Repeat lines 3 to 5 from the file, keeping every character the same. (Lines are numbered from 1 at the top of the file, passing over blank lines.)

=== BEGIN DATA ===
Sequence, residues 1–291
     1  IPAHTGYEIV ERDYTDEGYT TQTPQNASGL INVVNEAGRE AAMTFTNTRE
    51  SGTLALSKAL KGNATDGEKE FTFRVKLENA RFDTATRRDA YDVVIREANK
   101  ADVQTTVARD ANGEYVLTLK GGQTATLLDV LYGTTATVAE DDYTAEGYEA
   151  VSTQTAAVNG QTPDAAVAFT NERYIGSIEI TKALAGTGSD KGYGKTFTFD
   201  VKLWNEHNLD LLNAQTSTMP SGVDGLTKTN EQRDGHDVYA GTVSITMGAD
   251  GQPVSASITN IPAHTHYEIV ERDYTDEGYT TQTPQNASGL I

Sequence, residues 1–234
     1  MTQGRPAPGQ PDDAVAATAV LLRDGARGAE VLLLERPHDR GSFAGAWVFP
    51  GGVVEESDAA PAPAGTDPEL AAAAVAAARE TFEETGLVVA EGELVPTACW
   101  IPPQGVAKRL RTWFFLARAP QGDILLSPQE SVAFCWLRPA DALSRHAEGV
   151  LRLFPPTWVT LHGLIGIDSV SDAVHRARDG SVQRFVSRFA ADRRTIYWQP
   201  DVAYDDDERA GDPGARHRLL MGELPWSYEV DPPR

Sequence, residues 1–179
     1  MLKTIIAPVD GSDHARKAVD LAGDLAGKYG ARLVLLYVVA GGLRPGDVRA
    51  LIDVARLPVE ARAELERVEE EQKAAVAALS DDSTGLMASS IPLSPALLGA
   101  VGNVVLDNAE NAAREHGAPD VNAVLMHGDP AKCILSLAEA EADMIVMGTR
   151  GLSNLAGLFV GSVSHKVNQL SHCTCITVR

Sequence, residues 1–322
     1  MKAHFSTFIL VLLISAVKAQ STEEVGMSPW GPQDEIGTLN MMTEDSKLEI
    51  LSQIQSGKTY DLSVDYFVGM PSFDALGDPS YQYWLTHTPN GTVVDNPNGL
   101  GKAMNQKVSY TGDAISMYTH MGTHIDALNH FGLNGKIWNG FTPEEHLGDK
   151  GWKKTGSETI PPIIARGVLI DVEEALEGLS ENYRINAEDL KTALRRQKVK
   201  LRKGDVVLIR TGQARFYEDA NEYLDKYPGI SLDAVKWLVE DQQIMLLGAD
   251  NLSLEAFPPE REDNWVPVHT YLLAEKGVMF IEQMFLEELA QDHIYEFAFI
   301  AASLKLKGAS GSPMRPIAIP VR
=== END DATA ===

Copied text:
    51  SGTLALSKAL KGNATDGEKE FTFRVKLENA RFDTATRRDA YDVVIREANK
   101  ADVQTTVARD ANGEYVLTLK GGQTATLLDV LYGTTATVAE DDYTAEGYEA
   151  VSTQTAAVNG QTPDAAVAFT NERYIGSIEI TKALAGTGSD KGYGKTFTFD